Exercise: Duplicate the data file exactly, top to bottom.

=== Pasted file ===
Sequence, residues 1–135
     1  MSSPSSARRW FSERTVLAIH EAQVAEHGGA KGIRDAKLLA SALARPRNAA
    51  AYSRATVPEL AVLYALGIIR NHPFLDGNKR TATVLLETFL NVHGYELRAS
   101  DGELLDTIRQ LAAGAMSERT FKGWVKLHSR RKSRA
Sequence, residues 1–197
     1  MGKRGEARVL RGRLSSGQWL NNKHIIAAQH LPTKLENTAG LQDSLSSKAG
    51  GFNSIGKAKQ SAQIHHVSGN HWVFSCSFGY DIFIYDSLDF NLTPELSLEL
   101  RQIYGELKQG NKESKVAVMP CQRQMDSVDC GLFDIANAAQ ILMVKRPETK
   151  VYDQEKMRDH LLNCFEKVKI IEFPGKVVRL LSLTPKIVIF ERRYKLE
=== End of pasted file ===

Sequence, residues 1–135
     1  MSSPSSARRW FSERTVLAIH EAQVAEHGGA KGIRDAKLLA SALARPRNAA
    51  AYSRATVPEL AVLYALGIIR NHPFLDGNKR TATVLLETFL NVHGYELRAS
   101  DGELLDTIRQ LAAGAMSERT FKGWVKLHSR RKSRA
Sequence, residues 1–197
     1  MGKRGEARVL RGRLSSGQWL NNKHIIAAQH LPTKLENTAG LQDSLSSKAG
    51  GFNSIGKAKQ SAQIHHVSGN HWVFSCSFGY DIFIYDSLDF NLTPELSLEL
   101  RQIYGELKQG NKESKVAVMP CQRQMDSVDC GLFDIANAAQ ILMVKRPETK
   151  VYDQEKMRDH LLNCFEKVKI IEFPGKVVRL LSLTPKIVIF ERRYKLE